A gold Pentastar logo -- Chrysler's new corporate mark -- was added to the lower right fender just behind the front wheel opening of all the corporation's cars midway through the 1963 Dodge Polara 500 model year. The Pentastar was deliberately placed on the passenger-side fender only, inasmuch as this was the curb side and thus more likely to be noticed by passersby.
Although its unique exterior trim was eliminated, the 1964 Dodge Polara 500 retained its distinctive interior. The use of contrasting color on the vinyl bucket seats was confined to narrow U-shaped accent bands that separated the smooth bolsters from the seats' vertically pleated inserts. Six basic interior colors were available, including black. When vice president of design Elwood Engel arrived at Chrysler, he was astonished to discover that there were no black interiors extant and quickly made sure black was added as a color choice in 1964.
Much to the dismay of people who still regarded themselves as sons of "The Forward Look," 1964 saw the last of Chrysler's vaunted automatic-transmission pushbuttons. On 500s, they were already gone, thanks to a new floor console that housed four-speed manual or TorqueFlite shift levers, with a provision for a tachometer at the console's forward end. The new B-body console also included a new padded armrest with lockable storage below.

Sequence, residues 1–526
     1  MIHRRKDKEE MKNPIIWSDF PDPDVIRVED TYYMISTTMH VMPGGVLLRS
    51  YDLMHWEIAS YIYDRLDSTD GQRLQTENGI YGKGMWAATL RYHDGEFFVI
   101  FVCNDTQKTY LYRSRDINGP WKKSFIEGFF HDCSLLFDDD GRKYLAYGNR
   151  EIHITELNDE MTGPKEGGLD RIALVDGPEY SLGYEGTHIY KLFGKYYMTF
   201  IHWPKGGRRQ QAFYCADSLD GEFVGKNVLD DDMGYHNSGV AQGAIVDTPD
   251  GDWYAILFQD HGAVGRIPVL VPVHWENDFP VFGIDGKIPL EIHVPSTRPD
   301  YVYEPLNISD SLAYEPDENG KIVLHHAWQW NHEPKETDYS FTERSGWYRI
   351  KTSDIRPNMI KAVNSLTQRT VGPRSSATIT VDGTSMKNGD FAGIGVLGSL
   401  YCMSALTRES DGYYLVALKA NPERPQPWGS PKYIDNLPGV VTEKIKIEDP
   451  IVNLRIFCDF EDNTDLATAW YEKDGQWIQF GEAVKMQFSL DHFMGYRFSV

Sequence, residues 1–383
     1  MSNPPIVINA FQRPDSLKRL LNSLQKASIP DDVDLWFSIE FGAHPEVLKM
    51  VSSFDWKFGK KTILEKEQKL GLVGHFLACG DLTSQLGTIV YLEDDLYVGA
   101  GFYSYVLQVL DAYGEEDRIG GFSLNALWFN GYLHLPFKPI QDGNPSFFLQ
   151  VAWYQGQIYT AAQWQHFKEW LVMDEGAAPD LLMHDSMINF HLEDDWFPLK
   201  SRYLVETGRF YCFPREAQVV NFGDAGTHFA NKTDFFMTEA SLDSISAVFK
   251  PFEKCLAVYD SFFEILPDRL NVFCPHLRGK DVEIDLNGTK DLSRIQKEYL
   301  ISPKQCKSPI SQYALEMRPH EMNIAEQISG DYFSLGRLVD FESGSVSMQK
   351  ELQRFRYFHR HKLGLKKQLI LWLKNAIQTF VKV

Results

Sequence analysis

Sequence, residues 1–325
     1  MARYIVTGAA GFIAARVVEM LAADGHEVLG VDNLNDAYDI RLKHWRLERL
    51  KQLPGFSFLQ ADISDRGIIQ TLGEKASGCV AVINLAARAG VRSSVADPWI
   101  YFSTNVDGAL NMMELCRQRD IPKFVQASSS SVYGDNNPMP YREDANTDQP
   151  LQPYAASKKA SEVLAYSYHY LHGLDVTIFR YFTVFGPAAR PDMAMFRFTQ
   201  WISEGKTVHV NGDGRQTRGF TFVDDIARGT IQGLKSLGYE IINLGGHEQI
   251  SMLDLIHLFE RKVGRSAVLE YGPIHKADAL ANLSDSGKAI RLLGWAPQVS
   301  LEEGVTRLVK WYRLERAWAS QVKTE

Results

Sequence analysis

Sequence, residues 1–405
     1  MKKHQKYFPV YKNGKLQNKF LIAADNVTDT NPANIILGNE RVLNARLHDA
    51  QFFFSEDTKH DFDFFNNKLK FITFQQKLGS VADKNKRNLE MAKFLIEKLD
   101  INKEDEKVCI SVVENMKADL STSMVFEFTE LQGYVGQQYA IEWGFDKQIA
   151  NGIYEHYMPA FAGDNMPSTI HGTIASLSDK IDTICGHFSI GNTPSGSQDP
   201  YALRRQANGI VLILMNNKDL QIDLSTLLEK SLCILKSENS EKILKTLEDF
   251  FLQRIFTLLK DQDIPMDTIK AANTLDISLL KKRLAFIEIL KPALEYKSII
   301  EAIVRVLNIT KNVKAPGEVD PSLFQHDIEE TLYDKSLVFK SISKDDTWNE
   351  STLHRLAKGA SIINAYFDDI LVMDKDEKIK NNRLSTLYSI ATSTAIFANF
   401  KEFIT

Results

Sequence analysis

Underhood, engine choices were basically carried over from 1963, but the base 426-cubic-inch wedge engine was now a more-tractable version with a single four-throat carburetor, milder cam, 10.3:1 compression ratio, and 365 horsepower. (When any 426 was ordered, beefier brakes were included.) A new four-speed manual transmission, the Chrysler-designed A-833, boasted 11 percent greater torque capacity than the Borg-Warner T-10 it replaced.
Two special versions of the A-727B TorqueFlite were available for use with the more-potent of the 426 engines. Motor Trend returned to Riverside in a Polara 500 -- this time with a 365-horse 426 four-speed hardtop -- and reprised its 7.7-second 0-60 run from 1963. The quarter-mile time was slightly higher at 15.9 seconds, but top speed climbed to 118 mph.